Dog Flea Treatments: Flea shampoos
Works on the same principle as regular dog shampoos but will also kill fleas. There are different types of flea shampoos, some will only kill adult fleas, while others also kill eggs and larvae.
For the best results, you will need to leave the shampoo to work for a couple of minutes before rinsing your dog’s coat thoroughly. And while some shampoos provide some short-term protection against fleas, most of them will only kill fleas. So you will have to find a suitable treatment that will keep your dog protected long-term.
Pros and Cons of Topical Flea Treatments
- Cheaper than flea collars
- You can use shampoo, spray, or powder on several dogs
- Spot-on is water resistant
- Fast acting and kills fleas in all life stages
- Needs to be applied regularly
- Short-term protection
- Hard to use
Dog Flea Treatments: Flea Pills
Flea pills are highly efficient at killing fleas and are the fastest acting among all flea treatments currently available. What’s also great, is that some flea pills prevent heartworms, intestinal parasites, and ticks, thus saving you money on several different treatments.
These oral flea treatments come in the form of a flavored soft chew, or beef-flavored tablet, which makes them convenient to use. Besides killing fleas, some pills will also provide up to 30 days of protection, while others have to be administered daily to keep your dog flea-free.
You should also know that most flea pills kill adult fleas, but not larvae and eggs, so you will need to apply an additional treatment get rid of fleas for good. Furthermore, many flea pills are prescription-only, and you will have to talk with your vet and decide if this is the best solution for your dog.
Pros and Cons of Flea Pills
- Easy to administer
- Offers protection against heartworms and internal parasites
- Fast acting
- Quick solution for flea infestations
- Most flea pills require a prescription
- Doesn’t kill larvae and eggs
All Natural Dog Flea Treatments
Although all flea and tick products are carefully regulated and controlled, you may be concerned about exposing your dog to toxic chemicals, and would rather use a more natural approach. Luckily, a lot of ingredients you already have at your home can help you get rid of fleas.
Here are a couple of natural flea treatments you will want to try:
Natural flea shampoo: Add a couple of drops of cedar, lemon, or lavender essential oil into your dog’s regular shampoo to get rid of fleas. Repeat as necessary if any fleas are left alive and then use it once a week to create a flea barrier.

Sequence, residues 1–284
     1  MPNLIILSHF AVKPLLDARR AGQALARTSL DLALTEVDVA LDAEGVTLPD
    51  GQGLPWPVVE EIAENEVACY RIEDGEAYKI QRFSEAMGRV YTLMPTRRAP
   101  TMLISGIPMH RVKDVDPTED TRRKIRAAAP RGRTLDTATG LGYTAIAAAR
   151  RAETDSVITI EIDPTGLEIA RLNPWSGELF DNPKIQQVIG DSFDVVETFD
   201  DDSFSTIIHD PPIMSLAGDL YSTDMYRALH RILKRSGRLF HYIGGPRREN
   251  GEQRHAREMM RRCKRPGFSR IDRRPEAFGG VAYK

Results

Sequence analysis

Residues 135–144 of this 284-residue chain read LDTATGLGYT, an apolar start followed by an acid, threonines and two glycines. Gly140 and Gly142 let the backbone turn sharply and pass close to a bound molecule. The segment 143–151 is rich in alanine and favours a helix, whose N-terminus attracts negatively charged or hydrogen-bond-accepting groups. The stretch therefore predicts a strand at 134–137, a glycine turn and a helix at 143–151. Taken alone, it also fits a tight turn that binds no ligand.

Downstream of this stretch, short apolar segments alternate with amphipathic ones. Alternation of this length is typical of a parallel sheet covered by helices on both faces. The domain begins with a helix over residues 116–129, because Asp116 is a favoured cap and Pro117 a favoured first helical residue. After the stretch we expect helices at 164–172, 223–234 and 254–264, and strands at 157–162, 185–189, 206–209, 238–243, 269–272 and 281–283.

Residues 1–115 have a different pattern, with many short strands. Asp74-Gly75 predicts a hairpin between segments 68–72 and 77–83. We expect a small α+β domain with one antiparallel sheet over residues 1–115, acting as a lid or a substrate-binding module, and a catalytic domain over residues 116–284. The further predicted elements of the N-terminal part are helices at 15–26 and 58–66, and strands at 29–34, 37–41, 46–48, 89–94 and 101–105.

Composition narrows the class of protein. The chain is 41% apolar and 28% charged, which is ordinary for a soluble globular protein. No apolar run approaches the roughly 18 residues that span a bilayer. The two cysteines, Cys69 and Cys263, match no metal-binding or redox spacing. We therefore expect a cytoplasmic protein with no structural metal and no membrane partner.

Apple Cider Vinegar: Mix 50/50 apple cider vinegar and water and pour the mixture into a spray bottle. Sprinkle the solution on your dog’s coat until all fleas are dead.
Lemon: Cut and place 3 lemons in a pot and add 3 cups of water. Bring the mixture to boil and then let it simmer on medium heat for another 30 minutes. After that, remove the pot from the stove and leave the mixture to steep overnight.
In the morning, strain the lemons and pour the solution into a spray bottle. Spritz the solution onto your dog’s coat and let it air dry. If necessary, repeat until all fleas are gone.
DIY Flea collar: Mix two drops of rosemary, lavender, cedarwood, or lemon essential oil into a tablespoon of water. Apply that solution to your dog’s collar or a kerchief and tie it around your dog’s neck. Essential oils will kill any fleas residing on your dog and also work as a repellent. Refresh the collar once a week for long lasting protection.
Diatomaceous earth: Will kill adult fleas, larvae, and eggs, and you can also use it to treat your home. Dust your dog’s coat with DE powder and repeat every 3 days for the next month to get rid of fleas.
Keep in mind that while these natural flea remedies work, they aren’t as effective as other flea treatments and it may take some time until all fleas are gone. Once you are finally rid of them, use essential oils as flea repellants, if you don’t want to use any of the chemical-based options available.
- Completely safe
- Can kill and repel fleas
- The treatment has to be applied regularly
- Takes some time to see results
- Not as effective as chemical treatments
Conclusion: Dog Flea Treatments
There is nothing worse than finding fleas on your dog! But luckily, there is a variety of efficient flea treatments you can choose from to get rid of these nasty pests.
To be honest, there isn’t a single treatment that works for all dogs, and you will have to consider your unique situation and needs to find the one that is right for your dog. However, it is very important that you find the one that works for you to keep your dog protected against fleas and diseases they bring.
We covered all available flea treatments for dogs, and hopefully, you now have all the information you need to pick the right one and start killing fleas!
Author Bio: Dog Flea Treatments
Alex Saunders is a father of 2 and dog lover. He is the Editor In Chief at DoggieApproved.com a website that helps pet owners become more informed on the latest tips, buyer’s guides, technology, reviews, and more. You can read their most recent review on Dog Flea and Tick Collars